In the Wisdom lineage within which I mostly work, the foundational benchmark explanation of surrender can be found in Cynthia Bourgeault’s, “The Wisdom Way of Knowing.” Initially, she uses two images. The first is that of an acorn that is transformed into an oak tree. The second is that of a candle that gives of itself in order to engender light. Both the acorn and the candle surrender their being at one level in order to manifest it at another. She wisely suggests that there is a sacrifice involved and notes that this sacrifice comes at a cost. But it is in the sacrifice that being is more than just used up or given over; it is made “holy” and “whole” (the root meaning of “sacrifice”). Jesus expresses this transformational process in terms of a dying: “Unless a grain of wheat falls into the ground and dies, it remains a single grain; but if it dies, it shall yield a rich harvest.” (John 12:24) Christians know that Jesus’ sacrifice included death on a cross. So, are we to give over our lives in this manner?

Well, maybe we are, and maybe we’re not. Let’s look more carefully. Here’s how Cynthia expresses it: “The act of dying to the outward form of our selfhood, akin to setting the candle aflame, is what releases and makes visible the inner quality of aliveness. At the moment this inner aliveness is released, it becomes available as psychic force, a vital nutrient for the feeding and building up of the planetary body, but particularly for our human kinship and dignity.” (“Wisdom Way of Knowing,” p. 68.) Here in a unitive framework I discern a dance between the universal and the particular. In this, it would seem to me that it is the dying that is the universal part, and it is “the outward form of our selfhood” that is the specific and particular part. In other words, the surrender in dying can take as many different forms and expressions as there are individual human beings.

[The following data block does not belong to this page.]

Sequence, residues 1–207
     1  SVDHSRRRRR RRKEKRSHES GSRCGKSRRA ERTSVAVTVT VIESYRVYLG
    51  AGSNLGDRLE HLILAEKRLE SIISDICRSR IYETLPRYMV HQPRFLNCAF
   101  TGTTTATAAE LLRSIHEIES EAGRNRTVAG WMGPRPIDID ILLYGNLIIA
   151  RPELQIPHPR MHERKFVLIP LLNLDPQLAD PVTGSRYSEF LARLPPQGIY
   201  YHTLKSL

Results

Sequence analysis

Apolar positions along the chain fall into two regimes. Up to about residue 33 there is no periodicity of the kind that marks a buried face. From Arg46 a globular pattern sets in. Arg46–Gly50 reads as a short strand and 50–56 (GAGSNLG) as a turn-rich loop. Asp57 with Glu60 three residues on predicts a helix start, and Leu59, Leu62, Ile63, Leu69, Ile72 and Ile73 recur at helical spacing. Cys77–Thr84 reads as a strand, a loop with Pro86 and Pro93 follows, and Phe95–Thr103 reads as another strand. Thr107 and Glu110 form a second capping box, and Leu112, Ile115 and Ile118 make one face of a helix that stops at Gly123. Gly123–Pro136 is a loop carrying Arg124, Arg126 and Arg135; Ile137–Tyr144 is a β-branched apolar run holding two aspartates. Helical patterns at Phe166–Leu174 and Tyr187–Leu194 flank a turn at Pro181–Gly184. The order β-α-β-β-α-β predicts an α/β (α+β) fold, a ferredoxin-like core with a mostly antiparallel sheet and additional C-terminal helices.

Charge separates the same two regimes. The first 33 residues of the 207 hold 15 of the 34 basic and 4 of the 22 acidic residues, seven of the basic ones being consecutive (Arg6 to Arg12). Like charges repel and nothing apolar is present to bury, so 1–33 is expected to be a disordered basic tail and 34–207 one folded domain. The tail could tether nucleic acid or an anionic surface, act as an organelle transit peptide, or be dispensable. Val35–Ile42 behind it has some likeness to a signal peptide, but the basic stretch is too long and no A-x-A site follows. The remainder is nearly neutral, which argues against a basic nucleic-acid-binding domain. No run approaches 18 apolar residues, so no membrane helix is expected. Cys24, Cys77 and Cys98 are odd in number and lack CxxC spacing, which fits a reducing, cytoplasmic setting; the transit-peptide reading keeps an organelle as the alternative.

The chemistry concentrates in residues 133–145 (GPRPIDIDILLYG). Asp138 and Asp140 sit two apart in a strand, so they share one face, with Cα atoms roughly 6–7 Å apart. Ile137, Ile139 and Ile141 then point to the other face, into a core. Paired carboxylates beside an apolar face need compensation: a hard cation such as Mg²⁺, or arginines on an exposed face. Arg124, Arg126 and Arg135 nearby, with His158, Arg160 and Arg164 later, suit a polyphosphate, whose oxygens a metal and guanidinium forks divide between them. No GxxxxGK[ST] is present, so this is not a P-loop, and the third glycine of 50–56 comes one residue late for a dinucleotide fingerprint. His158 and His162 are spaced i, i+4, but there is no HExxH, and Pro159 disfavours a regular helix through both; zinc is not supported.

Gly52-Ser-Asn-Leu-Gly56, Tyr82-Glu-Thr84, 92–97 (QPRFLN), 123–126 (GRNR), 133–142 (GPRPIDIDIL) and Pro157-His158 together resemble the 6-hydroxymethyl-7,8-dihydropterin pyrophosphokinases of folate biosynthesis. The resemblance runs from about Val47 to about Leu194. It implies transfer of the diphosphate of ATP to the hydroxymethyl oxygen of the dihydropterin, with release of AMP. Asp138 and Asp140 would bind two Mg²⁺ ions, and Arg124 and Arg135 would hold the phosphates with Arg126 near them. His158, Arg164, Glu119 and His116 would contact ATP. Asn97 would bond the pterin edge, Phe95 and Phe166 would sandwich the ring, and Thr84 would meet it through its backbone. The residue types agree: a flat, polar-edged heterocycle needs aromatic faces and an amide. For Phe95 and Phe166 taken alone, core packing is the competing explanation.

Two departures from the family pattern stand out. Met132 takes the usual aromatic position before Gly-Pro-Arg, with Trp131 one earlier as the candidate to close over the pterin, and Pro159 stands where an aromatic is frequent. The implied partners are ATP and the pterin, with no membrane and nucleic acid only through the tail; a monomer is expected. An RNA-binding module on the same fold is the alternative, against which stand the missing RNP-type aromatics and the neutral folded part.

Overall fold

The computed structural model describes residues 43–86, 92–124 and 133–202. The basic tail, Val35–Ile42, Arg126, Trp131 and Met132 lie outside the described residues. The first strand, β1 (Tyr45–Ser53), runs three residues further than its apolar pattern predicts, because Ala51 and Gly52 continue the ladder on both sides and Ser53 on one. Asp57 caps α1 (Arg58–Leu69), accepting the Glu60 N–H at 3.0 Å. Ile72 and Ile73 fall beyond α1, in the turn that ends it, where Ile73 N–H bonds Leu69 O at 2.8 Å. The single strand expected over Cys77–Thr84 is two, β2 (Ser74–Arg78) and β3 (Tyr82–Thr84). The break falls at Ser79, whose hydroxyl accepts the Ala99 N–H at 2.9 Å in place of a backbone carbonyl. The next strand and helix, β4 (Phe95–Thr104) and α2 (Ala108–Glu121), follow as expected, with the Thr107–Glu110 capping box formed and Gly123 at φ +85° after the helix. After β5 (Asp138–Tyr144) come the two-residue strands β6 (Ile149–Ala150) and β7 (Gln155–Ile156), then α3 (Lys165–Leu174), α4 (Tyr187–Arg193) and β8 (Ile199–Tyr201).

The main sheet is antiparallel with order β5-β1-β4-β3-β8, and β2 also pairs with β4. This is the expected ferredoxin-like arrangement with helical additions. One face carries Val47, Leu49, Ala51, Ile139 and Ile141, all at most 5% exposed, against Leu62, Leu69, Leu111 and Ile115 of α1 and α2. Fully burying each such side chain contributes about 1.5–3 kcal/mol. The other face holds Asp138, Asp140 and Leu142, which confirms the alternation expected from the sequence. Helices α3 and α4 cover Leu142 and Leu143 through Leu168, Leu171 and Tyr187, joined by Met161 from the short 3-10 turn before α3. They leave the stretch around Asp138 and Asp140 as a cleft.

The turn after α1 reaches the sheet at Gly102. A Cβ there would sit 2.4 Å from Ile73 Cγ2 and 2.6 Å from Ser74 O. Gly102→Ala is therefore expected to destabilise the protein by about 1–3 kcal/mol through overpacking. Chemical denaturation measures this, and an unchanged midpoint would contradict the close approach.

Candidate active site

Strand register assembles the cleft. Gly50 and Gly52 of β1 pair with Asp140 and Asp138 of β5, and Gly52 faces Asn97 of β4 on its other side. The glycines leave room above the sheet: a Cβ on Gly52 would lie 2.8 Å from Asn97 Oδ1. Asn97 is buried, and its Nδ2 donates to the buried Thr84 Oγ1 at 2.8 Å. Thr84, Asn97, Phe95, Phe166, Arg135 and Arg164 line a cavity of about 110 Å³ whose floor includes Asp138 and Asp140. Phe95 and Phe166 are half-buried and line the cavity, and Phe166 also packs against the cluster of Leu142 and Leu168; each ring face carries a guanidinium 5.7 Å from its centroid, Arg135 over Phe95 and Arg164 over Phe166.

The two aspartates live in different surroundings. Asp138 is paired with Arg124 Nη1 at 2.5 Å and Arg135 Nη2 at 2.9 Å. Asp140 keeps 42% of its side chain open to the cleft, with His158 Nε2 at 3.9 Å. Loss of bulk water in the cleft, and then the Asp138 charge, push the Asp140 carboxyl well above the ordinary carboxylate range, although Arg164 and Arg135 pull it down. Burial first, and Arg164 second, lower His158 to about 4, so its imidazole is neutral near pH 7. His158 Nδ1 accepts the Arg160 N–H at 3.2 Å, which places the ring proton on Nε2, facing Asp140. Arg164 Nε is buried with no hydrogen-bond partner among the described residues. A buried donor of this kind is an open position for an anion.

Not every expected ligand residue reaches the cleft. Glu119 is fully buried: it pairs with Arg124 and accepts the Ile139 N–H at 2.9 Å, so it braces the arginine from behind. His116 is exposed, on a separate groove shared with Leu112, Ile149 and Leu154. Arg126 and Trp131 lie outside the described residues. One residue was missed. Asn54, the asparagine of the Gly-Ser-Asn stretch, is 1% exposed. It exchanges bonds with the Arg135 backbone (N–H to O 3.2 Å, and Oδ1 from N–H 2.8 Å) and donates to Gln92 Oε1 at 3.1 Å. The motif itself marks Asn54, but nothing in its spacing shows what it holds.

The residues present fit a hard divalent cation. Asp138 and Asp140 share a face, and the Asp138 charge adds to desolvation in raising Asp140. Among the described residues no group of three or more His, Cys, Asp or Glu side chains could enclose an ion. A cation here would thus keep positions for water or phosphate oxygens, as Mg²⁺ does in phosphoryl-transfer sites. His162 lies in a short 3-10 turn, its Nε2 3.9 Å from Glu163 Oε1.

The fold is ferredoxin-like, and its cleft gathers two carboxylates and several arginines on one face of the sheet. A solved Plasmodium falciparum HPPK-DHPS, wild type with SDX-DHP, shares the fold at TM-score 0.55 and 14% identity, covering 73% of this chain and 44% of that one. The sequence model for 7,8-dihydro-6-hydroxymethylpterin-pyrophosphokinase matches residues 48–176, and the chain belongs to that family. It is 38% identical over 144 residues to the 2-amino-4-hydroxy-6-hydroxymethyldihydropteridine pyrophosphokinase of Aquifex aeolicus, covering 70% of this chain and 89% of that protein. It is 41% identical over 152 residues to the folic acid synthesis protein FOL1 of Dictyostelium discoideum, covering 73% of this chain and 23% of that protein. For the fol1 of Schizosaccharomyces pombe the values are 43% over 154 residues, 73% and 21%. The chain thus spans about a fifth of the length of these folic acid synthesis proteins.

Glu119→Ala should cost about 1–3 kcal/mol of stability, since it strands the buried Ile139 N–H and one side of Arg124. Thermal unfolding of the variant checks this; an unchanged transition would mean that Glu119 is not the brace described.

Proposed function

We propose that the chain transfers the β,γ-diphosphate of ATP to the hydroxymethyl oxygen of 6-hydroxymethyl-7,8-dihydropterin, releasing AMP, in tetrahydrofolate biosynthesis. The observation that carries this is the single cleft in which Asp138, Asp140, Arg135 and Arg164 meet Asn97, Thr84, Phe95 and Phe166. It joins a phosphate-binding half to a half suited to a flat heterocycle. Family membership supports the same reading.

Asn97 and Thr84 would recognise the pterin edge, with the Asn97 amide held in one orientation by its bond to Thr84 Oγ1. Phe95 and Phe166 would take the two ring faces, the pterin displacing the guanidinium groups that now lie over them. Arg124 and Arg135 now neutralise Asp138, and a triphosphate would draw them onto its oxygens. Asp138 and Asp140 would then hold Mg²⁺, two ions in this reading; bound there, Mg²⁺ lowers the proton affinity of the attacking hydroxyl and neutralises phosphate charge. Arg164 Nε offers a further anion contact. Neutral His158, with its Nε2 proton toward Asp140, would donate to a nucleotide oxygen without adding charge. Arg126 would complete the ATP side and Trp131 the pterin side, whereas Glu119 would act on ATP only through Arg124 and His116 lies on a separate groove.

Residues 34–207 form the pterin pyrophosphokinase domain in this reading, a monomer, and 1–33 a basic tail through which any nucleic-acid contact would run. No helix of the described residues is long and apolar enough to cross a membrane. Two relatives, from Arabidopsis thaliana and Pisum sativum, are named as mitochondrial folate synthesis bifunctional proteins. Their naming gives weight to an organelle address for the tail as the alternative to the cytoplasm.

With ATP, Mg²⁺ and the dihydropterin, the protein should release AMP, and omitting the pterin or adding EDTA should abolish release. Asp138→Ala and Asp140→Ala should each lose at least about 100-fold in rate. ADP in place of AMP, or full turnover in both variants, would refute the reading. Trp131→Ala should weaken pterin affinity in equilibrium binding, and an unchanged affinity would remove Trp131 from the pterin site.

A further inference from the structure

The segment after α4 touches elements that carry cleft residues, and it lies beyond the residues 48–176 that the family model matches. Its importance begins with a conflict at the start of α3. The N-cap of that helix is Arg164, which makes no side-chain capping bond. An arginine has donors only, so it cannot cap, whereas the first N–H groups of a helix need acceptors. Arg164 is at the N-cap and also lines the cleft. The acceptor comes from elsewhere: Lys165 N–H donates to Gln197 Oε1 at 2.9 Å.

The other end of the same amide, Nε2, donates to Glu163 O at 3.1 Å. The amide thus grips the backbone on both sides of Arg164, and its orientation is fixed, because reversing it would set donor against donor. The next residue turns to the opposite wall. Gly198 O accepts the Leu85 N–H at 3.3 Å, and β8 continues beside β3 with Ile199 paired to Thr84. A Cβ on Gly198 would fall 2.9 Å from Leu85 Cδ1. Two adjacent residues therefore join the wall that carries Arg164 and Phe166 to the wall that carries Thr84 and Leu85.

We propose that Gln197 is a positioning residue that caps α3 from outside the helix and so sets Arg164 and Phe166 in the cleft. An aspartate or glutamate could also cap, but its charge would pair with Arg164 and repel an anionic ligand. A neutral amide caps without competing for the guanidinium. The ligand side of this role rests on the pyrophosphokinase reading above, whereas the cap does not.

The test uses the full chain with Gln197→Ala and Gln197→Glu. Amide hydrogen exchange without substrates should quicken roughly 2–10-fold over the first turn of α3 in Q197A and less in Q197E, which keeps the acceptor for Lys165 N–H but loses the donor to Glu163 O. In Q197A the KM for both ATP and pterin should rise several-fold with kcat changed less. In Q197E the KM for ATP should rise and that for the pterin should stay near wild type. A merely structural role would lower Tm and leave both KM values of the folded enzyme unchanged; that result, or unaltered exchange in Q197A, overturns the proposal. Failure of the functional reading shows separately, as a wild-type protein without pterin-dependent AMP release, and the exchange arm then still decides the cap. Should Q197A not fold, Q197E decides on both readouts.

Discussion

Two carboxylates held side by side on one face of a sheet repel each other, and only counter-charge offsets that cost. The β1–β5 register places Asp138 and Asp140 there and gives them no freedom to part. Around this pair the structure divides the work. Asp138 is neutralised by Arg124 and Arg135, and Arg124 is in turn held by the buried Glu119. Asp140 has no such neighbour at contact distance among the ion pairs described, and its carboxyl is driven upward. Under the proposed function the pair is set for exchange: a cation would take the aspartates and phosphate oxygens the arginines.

What is the outer form of selfhood in your life that might be surrendered? Just to use the most extreme of examples—If you are a white male in our society, maybe it might include letting go of power, privilege, and prestige. But if you are a woman who is used to getting “the short end of the stick,” maybe it is surrendering your deference, compliance, and submissiveness. The point is, it is our identifications—whether they might be deemed “positive” or “negative”—that are surrendered.

The mistake that is sometimes made in the understanding of surrender is that we have to give up our substance to the point of diminishment of our personhood or even extinguishment of our lives. Although I am not ruling anything out, this is not necessarily always the case. In fact, often the surrender of our identifications can deliver us to new capacities of strength and power. Less subsumed to the tight orbit of the protection and enhancement of the smaller sense of self, we can be freed to see and act more clearly and decisively. Indeed, our capacities may grow and strengthen, supporting our work in the world on behalf of the greater human collective. That certainly seems true of Jesus. Although in died in total surrender of a cross, he also lived to actively affirm the dignity of every living being.